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Medical Dictionary


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fretting (fret′ing)
Abrasive polishing and wear of two metallic surfaces at their interface due to repetitive motion. [M.E., fr. O.E. fretan, to devour]

fretum, pl .freta (fre′tum, -ta)
A strait; a constriction. [L.]

Freud
Sigmund, Austrian neurologist and psychiatrist, 1856–1939, founder of psychoanalysis. See freudian, freudian fixation, freudian psychoanalysis, freudian slip, F. theory.

freudian (froyd′e-an)
Relating to or described by Sigmund Freud (1856–1939). f. slip a mistake in speech or deed that presumably suggests some underlying motive, often sexual or aggressive in nature.

Freund
Jules, U.S. bacteriologist, 1891–1960. See F. complete adjuvant, F. incomplete adjuvant.

Freund
Wilhelm A., German gynecologist, 1833–1918. See F. anomaly, F. operation.

Frey
Max von, German physician, 1852–1932. See F. hairs, under hair.

Frey
Lucie, Polish physician, 1852–1932. See F. syndrome.

FRH
Abbreviation for follitropin-releasing hormone.

friable (fri′a-bl)
1. Easily reduced to powder. 2. In bacteriology, denoting a dry and brittle culture falling into powder when touched or shaken. [L. friabilis, fr. frio, to crumble]

fricative (frik′a-tiv)
Speech sound made by forcing the air stream through a narrow orifice, created by apposition of the teeth, tongue, and lips in producing consonant phonemes such as f, v, s, and z.

friction (frik′shun)
1. The act of rubbing the surface of an object against that of another; especially rubbing the limbs of the body to aid the circulation. 2. The force required for relative motion of two bodies that are in contact. [L. frictio, fr. frico, to rub] dynamic f. the force that must be overcome to maintain steady motion of one body relative to another because they remain in contact. Cf.:starting f.. starting f. the force that must be overcome to initiate the motion of one body relative to another because they have been resting in contact. Cf.:dynamic f.. SYN: static f.. static f. SYN: starting f..

Friderichsen
Carl, Danish physician, *1886. See Waterhouse-F. syndrome, F.-Waterhouse syndrome.

Friedländer
Carl, German pathologist, 1847–1887. See F. bacillus, F. pneumonia, F. stain for capsules.

Friedman
Emanuel A., U.S. obstetrician, *1926. See F. curve.

Friedreich
Nikolaus, German neurologist, 1825–1882. See F. ataxia, F. phenomenon, F. sign.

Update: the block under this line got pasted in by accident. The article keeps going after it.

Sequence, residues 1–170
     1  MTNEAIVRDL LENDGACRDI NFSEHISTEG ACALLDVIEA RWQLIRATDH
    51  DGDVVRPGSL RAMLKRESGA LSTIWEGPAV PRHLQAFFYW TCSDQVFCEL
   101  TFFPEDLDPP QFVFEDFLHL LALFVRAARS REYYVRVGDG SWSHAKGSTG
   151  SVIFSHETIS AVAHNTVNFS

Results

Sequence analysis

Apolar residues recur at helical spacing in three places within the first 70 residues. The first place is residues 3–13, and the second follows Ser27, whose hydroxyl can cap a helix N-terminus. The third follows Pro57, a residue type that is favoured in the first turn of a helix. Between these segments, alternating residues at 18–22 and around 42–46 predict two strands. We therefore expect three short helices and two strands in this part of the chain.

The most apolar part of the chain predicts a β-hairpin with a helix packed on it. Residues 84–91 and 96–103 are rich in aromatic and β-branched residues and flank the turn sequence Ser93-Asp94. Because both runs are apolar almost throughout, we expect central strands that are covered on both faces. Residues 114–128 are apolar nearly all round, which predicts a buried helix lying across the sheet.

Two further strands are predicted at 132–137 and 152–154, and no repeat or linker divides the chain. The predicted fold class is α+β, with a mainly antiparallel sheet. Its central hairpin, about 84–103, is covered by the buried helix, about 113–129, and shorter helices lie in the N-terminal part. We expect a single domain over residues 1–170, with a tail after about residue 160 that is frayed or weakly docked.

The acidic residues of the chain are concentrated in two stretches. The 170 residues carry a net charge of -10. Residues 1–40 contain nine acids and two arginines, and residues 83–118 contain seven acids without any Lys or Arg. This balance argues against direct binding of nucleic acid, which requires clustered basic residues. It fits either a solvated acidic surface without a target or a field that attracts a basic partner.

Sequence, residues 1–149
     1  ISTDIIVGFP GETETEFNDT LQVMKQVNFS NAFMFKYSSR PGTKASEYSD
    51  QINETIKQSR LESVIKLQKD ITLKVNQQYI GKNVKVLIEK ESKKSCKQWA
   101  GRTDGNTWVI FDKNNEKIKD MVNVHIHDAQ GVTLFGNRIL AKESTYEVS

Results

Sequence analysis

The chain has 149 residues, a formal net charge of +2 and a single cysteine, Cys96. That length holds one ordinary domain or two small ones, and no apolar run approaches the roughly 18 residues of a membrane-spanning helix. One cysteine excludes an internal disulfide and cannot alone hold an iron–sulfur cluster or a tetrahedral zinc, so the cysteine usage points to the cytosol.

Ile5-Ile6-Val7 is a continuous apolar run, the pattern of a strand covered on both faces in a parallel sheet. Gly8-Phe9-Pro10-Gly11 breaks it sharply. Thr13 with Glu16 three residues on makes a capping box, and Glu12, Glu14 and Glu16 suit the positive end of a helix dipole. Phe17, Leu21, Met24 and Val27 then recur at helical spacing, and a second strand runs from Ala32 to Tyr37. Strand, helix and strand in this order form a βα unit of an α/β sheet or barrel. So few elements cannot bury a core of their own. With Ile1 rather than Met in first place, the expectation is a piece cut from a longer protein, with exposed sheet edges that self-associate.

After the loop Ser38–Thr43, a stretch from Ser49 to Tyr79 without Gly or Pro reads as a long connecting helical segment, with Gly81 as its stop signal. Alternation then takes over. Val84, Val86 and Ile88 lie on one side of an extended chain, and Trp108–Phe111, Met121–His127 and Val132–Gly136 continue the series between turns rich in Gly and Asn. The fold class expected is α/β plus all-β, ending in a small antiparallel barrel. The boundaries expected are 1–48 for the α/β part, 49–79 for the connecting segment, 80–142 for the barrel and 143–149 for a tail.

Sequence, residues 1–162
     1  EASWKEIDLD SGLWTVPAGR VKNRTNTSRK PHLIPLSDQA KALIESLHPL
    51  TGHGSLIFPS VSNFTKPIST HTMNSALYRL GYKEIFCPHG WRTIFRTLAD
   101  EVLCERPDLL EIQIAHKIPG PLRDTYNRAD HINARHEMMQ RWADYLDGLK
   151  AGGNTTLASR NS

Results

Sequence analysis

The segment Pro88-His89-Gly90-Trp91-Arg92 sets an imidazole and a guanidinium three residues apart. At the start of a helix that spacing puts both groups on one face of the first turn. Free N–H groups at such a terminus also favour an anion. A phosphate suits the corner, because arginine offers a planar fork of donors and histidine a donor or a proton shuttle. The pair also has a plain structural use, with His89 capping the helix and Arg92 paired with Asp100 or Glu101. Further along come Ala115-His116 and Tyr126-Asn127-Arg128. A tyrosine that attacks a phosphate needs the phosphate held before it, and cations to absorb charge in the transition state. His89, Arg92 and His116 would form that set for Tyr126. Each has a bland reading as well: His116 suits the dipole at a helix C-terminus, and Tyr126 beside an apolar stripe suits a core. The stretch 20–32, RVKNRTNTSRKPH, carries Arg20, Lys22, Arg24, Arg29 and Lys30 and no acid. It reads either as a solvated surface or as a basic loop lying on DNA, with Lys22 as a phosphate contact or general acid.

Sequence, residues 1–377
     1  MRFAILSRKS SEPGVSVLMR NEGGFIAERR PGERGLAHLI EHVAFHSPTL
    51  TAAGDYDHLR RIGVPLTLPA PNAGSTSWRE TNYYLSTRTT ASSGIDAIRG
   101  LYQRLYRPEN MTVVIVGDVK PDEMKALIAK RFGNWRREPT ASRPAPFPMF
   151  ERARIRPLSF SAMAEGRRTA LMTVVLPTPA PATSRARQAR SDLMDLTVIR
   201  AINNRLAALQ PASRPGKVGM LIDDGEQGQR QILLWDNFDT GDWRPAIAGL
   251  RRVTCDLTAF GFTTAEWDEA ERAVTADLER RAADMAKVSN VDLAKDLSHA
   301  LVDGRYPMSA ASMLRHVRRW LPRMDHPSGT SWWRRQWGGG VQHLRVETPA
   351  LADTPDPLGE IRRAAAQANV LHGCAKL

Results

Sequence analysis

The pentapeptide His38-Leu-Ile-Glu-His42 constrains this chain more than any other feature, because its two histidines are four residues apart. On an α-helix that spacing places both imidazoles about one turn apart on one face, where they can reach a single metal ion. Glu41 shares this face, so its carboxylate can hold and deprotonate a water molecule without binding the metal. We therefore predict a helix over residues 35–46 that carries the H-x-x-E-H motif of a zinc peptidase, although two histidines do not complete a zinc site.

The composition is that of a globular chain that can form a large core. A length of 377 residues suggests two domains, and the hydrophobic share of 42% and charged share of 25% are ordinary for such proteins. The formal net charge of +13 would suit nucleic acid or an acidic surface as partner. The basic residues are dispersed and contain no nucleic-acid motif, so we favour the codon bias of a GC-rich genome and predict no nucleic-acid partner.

Friend
Charlotte, U.S. microbiologist, 1921–1987. See F. disease, F. virus, F. leukemia virus.

frigid (frij′id)
1. SYN: cold. 2. Temperamentally, especially sexually, cold or irresponsive. [L. frigidus, cold]

frigidity (fri-jid′i-te)
1. Impotence in the female. 2. The state of being frigid (2); female sexual inadequacy ranging from the freudian concept of inability to achieve orgasm to any degree of sexual response considered unsatisfactory by either the female or her partner.

frigorific (frig-o-rif′ik)
Producing cold. [L. frigus, cold, + facio, to make]

frigorism (frig′o-rizm)
SYN: cryopathy. [L. frigus, cold]

fringe (frinj)
SYN: fimbria (1) . costal f. an irregularly disposed collection of visible veins seen in the skin of people usually of or past middle age; it has no specific connection with any deep structure, such as the diaphragm, and no necessary connection with underlying visceral disease. SYN: zona corona. synovial f. SYN: synovial villi, under villus.

frit (frit)
1. The material from which the glaze for artificial teeth is made. 2. A powdered pigment material used in coloring the porcelain of artificial teeth. [Fr. f., fried]

Fritsch
Heinrich, German gynecologist, 1844–1915. See Bozeman-F. catheter.

Froehde
A., 19th century German chemist. See F. reagent.

frog (frog)
An amphibian in the order Anura, which includes the toads; the commonest f. genera are Rana (grass frogs) and Hyla (tree frogs). [A.S. frogge]

Fröhlich
Alfred, Austrian neurologist and pharmacologist, 1871–1953. See F. dwarfism, F. syndrome.

Frohn
Damianus, German physician, *1843. See F. reagent.

Froin
Georges, French physician, 1874–1932. See F. syndrome.

frôlement (frol-mon′)
1. Light friction or massage with the palm of the hand. 2. A rustling sound heard in auscultation. [Fr.]

Froment
Jules, Lyon physician, 1878–1946. See F. sign.

Frommel
Richard, German gynecologist, 1854–1912. See Chiari-F. syndrome.

frons, gen. frontis (fronz, fron′tis) [TA]
SYN: forehead. [L.]

front (frunt)
The position of the leading edge of the solvent in chromatography.

frontad (frun′tad)
Toward the front.

frontal (frun′tal) [TA]
1. In front; relating to the anterior part of a body. 2. Referring to the f. (coronal) plane or to the f. bone or forehead. SYN: frontalis [TA] .

frontalis (frun-ta′lis) [TA]
SYN: frontal. [L.]

frontomalar (frun′to-ma′lar)
SYN: frontozygomatic.

frontomaxillary (frun′to-mak′si-la-re)